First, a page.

The proposals are in, and members of the Grand Rapids Downtown Development Authority agreed last week on the composition of a volunteer committee that will recommend a consultant to conduct the board’s latest research piece: its Downtown Plan.
“The RFP generated substantial responses. This selection committee process is going to be quite rigorous,” said Kristopher Larson, DDA executive director.
The committee will consist of a downtown resident, someone from the Grand River Whitewater project, a member of Friends of GR Parks, a retail real estate expert, a commercial real estate developer, a DDA or Downtown Grand Rapids Inc. board member, a downtown office tenant, a downtown retail tenant, an individual with The Rapid, and a parking, planning and city commissioner.
“It’s getting individuals who are willing to mow through 600 pages of materials,” said Larson of the 30 proposals that have been received. “The contractor is going to work for the advisory body.”
The addition of a planning and a city commissioner to the committee’s makeup came as an amendment to the original lineup and was suggested by Larson.
“We will basically be facilitating the discussion,” said Larson of the DGRI staff, which he presides over as president and CEO.
DDA board member and County Commissioner Jim Talen then tried to add a few more residents to the committee. He noted the southern section of downtown contains the district’s largest permanent residential population, primarily in the Heartside neighborhood, and he said all income levels should be represented on the committee, including lower-income residents.
“I really feel there is a significant population that needs to be represented here. If they’re not, it’s a statement of where we really stand,” said Talen.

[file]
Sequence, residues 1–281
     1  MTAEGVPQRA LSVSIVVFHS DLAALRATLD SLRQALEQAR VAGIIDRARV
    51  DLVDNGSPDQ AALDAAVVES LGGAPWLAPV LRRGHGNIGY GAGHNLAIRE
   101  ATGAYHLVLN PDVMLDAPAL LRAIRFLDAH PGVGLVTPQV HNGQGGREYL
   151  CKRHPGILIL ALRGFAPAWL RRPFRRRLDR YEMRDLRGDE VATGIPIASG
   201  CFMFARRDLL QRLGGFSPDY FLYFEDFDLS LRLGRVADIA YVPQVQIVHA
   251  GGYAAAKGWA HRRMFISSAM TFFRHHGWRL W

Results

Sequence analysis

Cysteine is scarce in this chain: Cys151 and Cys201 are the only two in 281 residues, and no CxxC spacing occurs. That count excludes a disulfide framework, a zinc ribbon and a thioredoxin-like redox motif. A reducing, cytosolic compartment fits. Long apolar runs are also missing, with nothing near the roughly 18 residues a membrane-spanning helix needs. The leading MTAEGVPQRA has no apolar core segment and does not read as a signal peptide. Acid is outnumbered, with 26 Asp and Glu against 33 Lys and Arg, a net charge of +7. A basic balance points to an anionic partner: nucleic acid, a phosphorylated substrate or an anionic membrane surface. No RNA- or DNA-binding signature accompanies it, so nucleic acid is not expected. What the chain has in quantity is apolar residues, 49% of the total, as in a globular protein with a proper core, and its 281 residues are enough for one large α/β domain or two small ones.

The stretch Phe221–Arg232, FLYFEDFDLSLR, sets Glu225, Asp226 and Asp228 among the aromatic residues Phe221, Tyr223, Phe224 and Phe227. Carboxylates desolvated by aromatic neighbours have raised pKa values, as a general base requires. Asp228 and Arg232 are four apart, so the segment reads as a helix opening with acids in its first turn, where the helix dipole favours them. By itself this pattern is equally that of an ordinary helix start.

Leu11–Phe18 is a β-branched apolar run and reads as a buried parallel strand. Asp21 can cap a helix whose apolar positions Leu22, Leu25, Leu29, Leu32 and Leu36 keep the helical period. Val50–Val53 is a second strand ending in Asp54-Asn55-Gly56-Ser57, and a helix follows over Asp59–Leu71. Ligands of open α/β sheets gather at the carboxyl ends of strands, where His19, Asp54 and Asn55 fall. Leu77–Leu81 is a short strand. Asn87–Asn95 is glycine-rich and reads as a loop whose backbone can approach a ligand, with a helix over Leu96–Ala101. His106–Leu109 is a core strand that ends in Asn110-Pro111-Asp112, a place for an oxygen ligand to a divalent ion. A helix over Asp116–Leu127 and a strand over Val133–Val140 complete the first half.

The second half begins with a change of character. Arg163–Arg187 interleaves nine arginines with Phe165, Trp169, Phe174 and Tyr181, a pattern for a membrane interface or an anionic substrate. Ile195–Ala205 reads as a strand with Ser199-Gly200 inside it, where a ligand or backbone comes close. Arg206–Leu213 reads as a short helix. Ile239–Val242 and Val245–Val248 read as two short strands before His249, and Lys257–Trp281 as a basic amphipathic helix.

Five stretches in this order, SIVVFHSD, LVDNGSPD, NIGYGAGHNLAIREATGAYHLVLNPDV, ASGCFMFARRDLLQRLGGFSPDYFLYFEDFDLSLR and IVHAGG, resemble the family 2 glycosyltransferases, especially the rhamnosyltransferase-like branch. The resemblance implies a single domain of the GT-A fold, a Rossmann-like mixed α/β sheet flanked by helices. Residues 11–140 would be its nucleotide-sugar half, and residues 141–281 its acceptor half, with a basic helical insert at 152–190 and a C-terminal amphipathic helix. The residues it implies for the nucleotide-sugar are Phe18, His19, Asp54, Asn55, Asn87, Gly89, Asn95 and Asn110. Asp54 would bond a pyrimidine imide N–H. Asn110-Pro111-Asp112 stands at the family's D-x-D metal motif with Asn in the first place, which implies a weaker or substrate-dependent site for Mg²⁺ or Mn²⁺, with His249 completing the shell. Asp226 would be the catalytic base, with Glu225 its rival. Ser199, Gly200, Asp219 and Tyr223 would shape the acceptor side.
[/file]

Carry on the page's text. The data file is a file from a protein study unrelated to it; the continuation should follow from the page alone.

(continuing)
“I think there are two very different categories in downtown residential and I think both should be represented,” said Wendy Falb, DDA board member.
Mayor George Heartwell, who served as an advocate for Heartside residents for three decades, said his experience has taught him that some of those residents don’t process information very well and felt that having one resident on the committee was sufficient. The board agreed.
The DDA’s Downtown Plan has 10 goals, including: determining what land-use changes may be necessary in light of the possible Grand River restoration project; creating a disposition plan for DDA-owned assets; prioritizing the short-, medium- and long-term public investments over the next 15 years; and performing an inventory of benchmarks, trends and policies that influence downtown.
The committee will review and rate the proposals, select finalists, conduct interviews and recommend the preferred firm or firms. The process is expected to be completed in November, and the DDA will consider the committee’s findings.
“I think, in reality, Kris is trying to move this project very, very quickly,” said DDA Chairman Brian Harris.
The DDA expects to initiate the Downtown Plan in January and have it completed in 12 to 16 months.